Money is starting to appear in millions of bank accounts after the government began its financial support programme to help with the cost of living crisis.
An estimated eight million people receiving means-tested benefits will automatically receive the payments credited to their bank accounts, with the first amount due by the end of the month.
The first payment of £326 is labelled “DWP Cost of Living” on bank statements.
A further instalment of £324 will be paid into bank accounts in the autumn.
Taken together, the payments represent the most significant in a package of government financial support designed to help with soaring energy bills and a broader cost of living crisis.
A spokesman for the Department for Work and Pensions said:
“We are on track to process the first instalment by the end of July.
“All eligible households will automatically receive the first instalment, and no one needs to worry they will miss out.
“There will be a few unique cases - such as those who were not initially entitled but have gained entitlement upon appeal - who will be paid after July, as soon as possible.”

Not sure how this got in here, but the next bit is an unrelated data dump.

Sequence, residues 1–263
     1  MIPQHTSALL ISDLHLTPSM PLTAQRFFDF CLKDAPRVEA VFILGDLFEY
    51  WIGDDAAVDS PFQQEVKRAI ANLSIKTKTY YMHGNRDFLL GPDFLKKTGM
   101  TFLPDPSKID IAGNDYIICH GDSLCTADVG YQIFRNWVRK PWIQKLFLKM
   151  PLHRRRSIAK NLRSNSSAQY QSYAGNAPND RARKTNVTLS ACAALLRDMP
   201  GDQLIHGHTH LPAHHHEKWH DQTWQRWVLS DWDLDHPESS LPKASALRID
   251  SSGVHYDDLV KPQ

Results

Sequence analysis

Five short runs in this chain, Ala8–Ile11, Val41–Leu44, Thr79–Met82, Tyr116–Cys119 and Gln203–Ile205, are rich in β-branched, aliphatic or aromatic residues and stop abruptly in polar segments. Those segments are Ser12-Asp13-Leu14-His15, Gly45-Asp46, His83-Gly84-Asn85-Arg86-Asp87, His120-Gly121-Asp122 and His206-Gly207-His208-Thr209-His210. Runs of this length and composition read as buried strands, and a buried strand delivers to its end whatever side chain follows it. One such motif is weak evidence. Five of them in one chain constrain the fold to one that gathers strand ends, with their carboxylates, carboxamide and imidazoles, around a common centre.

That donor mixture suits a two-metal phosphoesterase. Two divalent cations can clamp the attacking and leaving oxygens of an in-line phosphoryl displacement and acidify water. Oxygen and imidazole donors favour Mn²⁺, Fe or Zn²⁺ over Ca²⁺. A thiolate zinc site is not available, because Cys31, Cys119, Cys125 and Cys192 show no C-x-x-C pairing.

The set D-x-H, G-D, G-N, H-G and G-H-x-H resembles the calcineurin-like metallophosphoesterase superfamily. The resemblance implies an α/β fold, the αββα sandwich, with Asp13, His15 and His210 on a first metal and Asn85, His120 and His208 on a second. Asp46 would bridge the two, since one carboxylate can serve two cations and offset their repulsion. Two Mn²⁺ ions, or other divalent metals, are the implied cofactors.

While likely to ease the financial pain caused by rising prices, the payments are not expected to solve the issue.
With households with the lowest incomes likely to face financial difficulties due to rising energy bills, the government has provided more generous support to those receiving means-tested state benefits.
In October, every household will receive a £400 discount on their energy bills, with additional discounts for pensioners and people living with disabilities.
Unlike the original proposal, these energy bill discounts will not be repayable.
Despite help with energy bills, the latest forecasts suggest a challenging winter ahead, with one industry consultancy estimating the typical bill could exceed £3,300 a year from January.
The typical household gas and electricity bill is around £2,000 a year, following the £700 energy price cap rise implemented in April.
Energy regulator OFGEM will implement further price cap reviews in October and January.
Because of the rising cost of living, the fraud prevention organisation CIFAS has warned that criminals exploit fears over energy bills to steal personal and financial data.
CIFAS reported a rising number of phishing emails claiming to come from energy providers, offering discounts on energy bills or fuel vouchers.
Mike Haley, chief executive of Cifas, said:
“Everyone is at risk of being targeted by fraudsters, but the current economic crisis is making consumers even more vulnerable.”